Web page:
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16 Works of Yugoslav Modernist Architecture in Africa & the Middle East

Updated: Nov 18, 2022

In recent years, the unique modernist architecture of Yugoslavia has begun to be increasingly celebrated around the world and recognized for being a singular architectural manifestation, distinct from the work made by either the Cold-War eastern or western powers. However, what has not received as much attention or recognition are the works by Yugoslav architects that were built outside the area of Yugoslavia. Because of the influence and political relationships which Yugoslavia cultivated through creating and participating in the Non-Aligned Movement (NAM) (which was a "a forum of 120 developing world states that were not formally aligned with or against any major power blocs"), Yugoslavia was thus able to export its architecture and modernist design aesthetics to many NAM member states. One of the most noticeable footprints in this regard made by Yugoslavia was in creating a huge amount of buildings and infrastructure across the African and the Middle Eastern landscape. Many of these architectural works have long gone unrecognized, not only as excellent examples of Yugoslav architecture, but also as stunning examples of modernist world architecture in their own right. The whole phenomenon of Yugoslav architecture in Africa and the Middle East is only just beginning to be explored, most notably by academic researcher Łukasz Stanek. Here I will give a brief run-down of sixteen notable architectural examples that will help to communicate an idea of the variety of forms in which Yugoslav modernism manifested itself across these regions during this pivotal time period.

 

1.) International Trade Fair, Lagos, Nigeria

Name: International Trade Fair complex

Location: Lagos, Nigeria

Architect(s): Zoran Bojović, with Predrag Ðaković, Milorad Cvijić & Ljiljana Bojović

Year completed: 1974-1977

Coordinates: 6°27'49.1"N 3°14'49.6"E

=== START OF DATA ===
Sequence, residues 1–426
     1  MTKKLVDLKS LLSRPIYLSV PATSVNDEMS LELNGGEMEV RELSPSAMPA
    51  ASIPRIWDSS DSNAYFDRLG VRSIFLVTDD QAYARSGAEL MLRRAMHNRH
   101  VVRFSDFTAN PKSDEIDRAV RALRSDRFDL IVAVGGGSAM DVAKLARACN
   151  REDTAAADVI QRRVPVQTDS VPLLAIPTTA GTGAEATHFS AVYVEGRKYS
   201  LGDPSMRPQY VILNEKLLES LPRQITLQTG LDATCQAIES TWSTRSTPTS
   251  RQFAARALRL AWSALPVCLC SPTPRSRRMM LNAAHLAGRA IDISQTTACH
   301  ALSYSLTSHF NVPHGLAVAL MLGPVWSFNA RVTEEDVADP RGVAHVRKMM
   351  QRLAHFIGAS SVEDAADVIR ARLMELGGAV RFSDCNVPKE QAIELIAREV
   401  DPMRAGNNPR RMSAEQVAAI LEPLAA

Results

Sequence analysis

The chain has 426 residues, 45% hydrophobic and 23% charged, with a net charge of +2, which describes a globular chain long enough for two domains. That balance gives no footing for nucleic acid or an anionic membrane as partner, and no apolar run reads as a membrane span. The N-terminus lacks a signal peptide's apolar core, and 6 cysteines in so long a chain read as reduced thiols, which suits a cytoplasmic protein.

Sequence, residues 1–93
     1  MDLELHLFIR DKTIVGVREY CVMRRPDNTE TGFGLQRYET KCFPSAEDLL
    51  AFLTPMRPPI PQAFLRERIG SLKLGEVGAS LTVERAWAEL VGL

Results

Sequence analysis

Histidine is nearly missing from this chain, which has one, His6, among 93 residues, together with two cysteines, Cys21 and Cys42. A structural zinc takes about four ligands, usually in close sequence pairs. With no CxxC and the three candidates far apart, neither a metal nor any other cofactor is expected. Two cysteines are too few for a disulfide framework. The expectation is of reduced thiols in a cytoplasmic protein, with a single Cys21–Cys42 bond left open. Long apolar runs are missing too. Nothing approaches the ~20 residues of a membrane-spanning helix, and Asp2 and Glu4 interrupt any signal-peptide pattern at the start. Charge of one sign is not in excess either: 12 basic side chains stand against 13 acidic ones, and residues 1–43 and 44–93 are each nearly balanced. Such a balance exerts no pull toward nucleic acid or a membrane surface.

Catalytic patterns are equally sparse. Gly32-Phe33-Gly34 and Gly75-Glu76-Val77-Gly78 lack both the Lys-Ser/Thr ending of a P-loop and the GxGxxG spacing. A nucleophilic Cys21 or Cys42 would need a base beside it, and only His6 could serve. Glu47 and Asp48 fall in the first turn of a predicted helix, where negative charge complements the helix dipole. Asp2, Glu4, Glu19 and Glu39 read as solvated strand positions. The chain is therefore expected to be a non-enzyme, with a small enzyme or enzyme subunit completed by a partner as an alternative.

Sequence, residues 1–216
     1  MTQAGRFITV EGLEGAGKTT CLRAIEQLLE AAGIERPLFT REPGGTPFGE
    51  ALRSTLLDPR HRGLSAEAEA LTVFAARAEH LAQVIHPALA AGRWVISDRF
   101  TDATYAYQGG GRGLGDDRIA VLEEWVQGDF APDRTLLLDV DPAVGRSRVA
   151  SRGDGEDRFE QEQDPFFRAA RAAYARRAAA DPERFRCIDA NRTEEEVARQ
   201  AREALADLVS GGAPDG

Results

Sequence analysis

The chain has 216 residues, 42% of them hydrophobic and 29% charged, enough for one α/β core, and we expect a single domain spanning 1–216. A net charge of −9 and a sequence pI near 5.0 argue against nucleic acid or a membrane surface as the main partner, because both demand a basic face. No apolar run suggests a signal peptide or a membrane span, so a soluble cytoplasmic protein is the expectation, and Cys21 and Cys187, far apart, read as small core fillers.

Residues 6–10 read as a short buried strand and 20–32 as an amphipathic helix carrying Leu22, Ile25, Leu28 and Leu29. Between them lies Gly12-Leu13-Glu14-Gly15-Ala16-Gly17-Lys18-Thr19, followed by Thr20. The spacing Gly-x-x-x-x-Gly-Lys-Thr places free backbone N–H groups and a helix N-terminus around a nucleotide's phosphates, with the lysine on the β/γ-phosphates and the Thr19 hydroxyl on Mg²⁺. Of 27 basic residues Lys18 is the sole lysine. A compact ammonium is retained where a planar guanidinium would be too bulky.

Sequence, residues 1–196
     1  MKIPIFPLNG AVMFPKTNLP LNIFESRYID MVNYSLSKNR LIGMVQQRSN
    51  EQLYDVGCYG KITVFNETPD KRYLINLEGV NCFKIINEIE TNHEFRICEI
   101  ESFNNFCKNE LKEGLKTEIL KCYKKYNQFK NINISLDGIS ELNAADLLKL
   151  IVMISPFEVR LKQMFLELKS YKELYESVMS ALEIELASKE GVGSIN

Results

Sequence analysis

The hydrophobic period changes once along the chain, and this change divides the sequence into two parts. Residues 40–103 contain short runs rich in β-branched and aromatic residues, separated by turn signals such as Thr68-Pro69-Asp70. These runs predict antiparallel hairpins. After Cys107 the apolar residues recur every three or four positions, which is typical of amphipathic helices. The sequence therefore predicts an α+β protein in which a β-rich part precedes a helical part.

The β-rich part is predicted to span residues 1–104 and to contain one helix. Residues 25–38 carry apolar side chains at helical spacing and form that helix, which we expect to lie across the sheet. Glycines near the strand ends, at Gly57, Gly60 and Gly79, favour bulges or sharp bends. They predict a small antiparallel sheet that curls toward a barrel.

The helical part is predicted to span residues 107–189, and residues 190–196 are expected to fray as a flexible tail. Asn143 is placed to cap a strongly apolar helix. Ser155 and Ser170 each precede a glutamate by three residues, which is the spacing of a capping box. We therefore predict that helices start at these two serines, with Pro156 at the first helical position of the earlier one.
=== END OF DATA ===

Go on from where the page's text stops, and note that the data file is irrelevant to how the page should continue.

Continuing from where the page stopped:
Description: Located just off of the Lagos-Badagry Expressway on the western edge of Lagos, Nigeria is situated the 350 hectare International Trade Fair complex. This massive development project was intended to host Nigeria's first ever international trade fair and upon its opening in 1977, it was said to be the largest market place ever created in sub-Saharan Africa. The creation of the trade fair grounds, which ended up totaling 40,000 sq m, was built by Yugoslav construction/engineering firm Energoprojekt, while the buildings of the complex were designed by a design team lead by Belgrade architect Zoran Bojović. The spatial planning of the complex is characterized by its circular flow of connectivity and accessibility between exhibition halls, which was a layout Bojović formulated after being inspired by the results he saw from a field research exercise in rural Nigeria where he asked young village children to draw maps of their small communities. Meanwhile, while the buildings themselves display an playfully ambitious design which invokes a wistful future-oriented design of angular and geometric styles. While the complex continues to host various activities and events, many parts of it have descended into a poor condition over recent years. The most prevalent activity of the former fairground complex is the sale of use car parts, of which it is the largest marketplace of this kind in all of Nigeria.